HEALTH MATTERS: Ejection fraction: Numbers we all should knowQ. I recently saw my physician for a complete evaluation, and she told me that I am at low risk for coronary heart disease. What exactly does that mean?
By: Dr. Joshua Wynne, Grand Forks Herald
Q. I recently saw my physician for a complete evaluation, and she told me that I am at low risk for coronary heart disease. What exactly does that mean?
A. We know there are certain risk factors that, when present, predict that the person has underlying blockages in the heart arteries and thus is at some risk of a heart attack. The more risk factors present, the higher the risk. People without any risk factors are at low risk of heart problems, with a 10-year risk of less than 10 percent. Those with one or more risk factors are said to be at intermediate risk, with a 10 to 20 percent chance of heart problems over a decade. Those with multiple risk factors are said to be at high risk, with a 10-year risk of more than 20 percent. Important risk factors for the development of coronary artery disease include elevated cholesterol, elevated blood pressure, diabetes, cigarette smoking, obesity, physical inactivity, advancing age and being male (a post-menopausal woman also is at increased risk). It is important to note that low risk doesn’t mean no risk, and high risk doesn’t mean a guarantee of problems. Nevertheless, this relative-risk grading system is useful, and it suggests that those at higher risk do something (like stop smoking or get their cholesterol under control) to lower their risk of heart problems. Many of the risk factors are potentially modifiable, including obesity, high cholesterol, cigarette smoking, and physical inactivity. Unfortunately, I haven’t figured out an antidote to advancing age.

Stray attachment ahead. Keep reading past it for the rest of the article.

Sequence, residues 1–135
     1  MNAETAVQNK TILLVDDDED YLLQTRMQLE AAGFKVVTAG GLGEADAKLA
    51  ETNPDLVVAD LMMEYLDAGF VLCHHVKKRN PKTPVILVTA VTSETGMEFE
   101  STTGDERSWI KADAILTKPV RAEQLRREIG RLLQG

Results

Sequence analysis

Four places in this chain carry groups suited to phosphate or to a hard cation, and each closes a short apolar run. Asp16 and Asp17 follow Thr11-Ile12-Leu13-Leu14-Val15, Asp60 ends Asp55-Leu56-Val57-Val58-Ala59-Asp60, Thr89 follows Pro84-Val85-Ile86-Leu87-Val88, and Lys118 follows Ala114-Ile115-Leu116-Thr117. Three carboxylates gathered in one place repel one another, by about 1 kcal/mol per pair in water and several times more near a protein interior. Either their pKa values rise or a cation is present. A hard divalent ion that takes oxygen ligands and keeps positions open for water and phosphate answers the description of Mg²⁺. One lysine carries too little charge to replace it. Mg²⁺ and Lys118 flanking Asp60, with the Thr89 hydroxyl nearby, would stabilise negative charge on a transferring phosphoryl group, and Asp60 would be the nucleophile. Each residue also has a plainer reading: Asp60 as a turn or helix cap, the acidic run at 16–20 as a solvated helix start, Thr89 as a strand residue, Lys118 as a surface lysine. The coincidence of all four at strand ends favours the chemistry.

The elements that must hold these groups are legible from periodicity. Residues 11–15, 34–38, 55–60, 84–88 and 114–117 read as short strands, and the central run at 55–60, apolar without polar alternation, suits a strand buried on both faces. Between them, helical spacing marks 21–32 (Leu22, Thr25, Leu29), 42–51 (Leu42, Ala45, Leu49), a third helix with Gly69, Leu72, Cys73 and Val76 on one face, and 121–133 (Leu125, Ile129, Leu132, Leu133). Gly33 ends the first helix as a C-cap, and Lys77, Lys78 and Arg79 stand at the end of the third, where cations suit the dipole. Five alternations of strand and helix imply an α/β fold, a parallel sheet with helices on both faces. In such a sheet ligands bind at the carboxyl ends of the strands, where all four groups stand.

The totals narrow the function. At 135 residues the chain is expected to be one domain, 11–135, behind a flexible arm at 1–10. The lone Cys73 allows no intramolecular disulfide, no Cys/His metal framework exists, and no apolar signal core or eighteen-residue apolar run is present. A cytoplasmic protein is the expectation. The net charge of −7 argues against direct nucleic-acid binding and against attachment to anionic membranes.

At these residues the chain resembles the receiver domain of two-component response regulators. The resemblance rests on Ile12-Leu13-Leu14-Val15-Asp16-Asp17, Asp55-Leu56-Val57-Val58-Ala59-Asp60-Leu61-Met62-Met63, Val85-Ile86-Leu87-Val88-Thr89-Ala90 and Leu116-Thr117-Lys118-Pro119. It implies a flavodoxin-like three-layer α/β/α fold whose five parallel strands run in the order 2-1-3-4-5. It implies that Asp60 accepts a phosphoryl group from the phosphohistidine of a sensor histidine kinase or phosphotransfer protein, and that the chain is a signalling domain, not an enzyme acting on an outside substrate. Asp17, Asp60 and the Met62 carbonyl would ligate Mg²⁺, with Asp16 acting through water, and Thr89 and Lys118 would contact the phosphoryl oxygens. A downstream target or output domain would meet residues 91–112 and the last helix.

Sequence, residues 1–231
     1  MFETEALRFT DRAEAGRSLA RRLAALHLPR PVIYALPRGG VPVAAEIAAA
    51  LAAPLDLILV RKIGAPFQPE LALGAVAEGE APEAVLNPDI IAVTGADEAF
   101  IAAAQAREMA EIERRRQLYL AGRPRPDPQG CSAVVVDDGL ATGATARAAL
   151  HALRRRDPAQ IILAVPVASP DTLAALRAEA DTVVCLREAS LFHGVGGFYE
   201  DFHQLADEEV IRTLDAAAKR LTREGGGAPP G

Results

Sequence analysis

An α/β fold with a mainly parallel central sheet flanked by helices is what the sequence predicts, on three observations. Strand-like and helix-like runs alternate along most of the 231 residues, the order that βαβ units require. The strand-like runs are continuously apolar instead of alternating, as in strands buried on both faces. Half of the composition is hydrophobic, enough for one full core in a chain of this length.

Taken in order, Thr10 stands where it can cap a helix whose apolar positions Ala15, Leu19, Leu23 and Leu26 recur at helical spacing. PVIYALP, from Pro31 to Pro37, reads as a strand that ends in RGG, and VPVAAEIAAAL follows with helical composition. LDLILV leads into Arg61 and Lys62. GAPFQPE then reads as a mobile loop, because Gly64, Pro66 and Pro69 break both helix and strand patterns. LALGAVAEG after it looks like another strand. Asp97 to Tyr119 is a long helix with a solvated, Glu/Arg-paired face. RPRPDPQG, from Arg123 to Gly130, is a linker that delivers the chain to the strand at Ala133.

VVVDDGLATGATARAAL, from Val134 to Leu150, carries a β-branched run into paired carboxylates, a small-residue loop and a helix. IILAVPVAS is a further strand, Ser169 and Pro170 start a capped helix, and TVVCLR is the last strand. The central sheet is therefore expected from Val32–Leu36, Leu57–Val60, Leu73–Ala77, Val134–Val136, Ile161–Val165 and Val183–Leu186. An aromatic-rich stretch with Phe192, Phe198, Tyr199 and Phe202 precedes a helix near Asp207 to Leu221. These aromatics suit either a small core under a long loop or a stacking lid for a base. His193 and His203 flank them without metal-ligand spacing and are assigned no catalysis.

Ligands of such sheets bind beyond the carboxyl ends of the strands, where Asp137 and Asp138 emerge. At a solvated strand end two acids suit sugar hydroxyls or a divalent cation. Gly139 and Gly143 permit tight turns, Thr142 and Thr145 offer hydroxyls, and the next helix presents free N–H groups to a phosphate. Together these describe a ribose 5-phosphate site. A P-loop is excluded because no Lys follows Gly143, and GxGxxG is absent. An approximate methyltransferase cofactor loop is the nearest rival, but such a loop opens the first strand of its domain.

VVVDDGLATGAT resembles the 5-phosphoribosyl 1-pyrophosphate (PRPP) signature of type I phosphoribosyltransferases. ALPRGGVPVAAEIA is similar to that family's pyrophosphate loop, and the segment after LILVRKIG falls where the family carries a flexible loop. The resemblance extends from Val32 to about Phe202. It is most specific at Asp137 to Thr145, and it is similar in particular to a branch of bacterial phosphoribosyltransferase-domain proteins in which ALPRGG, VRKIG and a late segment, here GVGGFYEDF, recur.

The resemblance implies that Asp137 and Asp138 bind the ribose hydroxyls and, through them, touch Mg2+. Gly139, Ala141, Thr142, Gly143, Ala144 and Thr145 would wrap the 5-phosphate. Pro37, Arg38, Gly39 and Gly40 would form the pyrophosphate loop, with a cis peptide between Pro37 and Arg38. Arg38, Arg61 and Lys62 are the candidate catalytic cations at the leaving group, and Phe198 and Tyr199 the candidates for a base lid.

Q. While I was in the doctor’s exam room, I saw a sign that told me to “know my numbers,” especially my ejection fraction. What is ejection fraction, and why is it important?
A. The health numbers we all should know include our weight, blood pressure, cholesterol, blood sugar level (looking for diabetes), and the ejection fraction for patients with heart disease. The ejection fraction (or EF) is the percentage of blood in the heart that is ejected with each heartbeat; we usually measure it by obtaining an echocardiogram (ultrasound) of the heart. Normally, at least half of the blood in the heart is pumped out with each heartbeat, so the ejection fraction usually is 50 percent or more. The ejection fraction tends to decrease slightly with normal aging, but typically is over 50 percent.
Ejection fractions below 50 percent occur in a wide variety of conditions, including heart attacks and damage from long-standing high blood pressure. As the ejection fraction gets lower, there is a greater risk of symptomatic heart failure manifested by shortness of breath and ankle swelling.
Once the ejection fraction is lower than around 30 percent, there is an increased risk of death because of repetitive but ineffective extra heartbeats. While medicines in general are ineffective in this setting for preventing sudden death, we are able to insert a special type of pacemaker (called an ICD, or implantable cardioverter defibrillator) that can shock the heart back to normal if a serious rhythm irregularity develops. We normally don’t measure the ejection fraction unless heart disease is suspected or documented. And if you do have heart problems, hope that your EF is 50 percent or above; otherwise, additional evaluation and consideration of treatment options is indicated.
Wynne is vice president for health affairs at UND, dean of the School of Medicine and Health Sciences, and a professor of medicine. He is a cardiologist by training.
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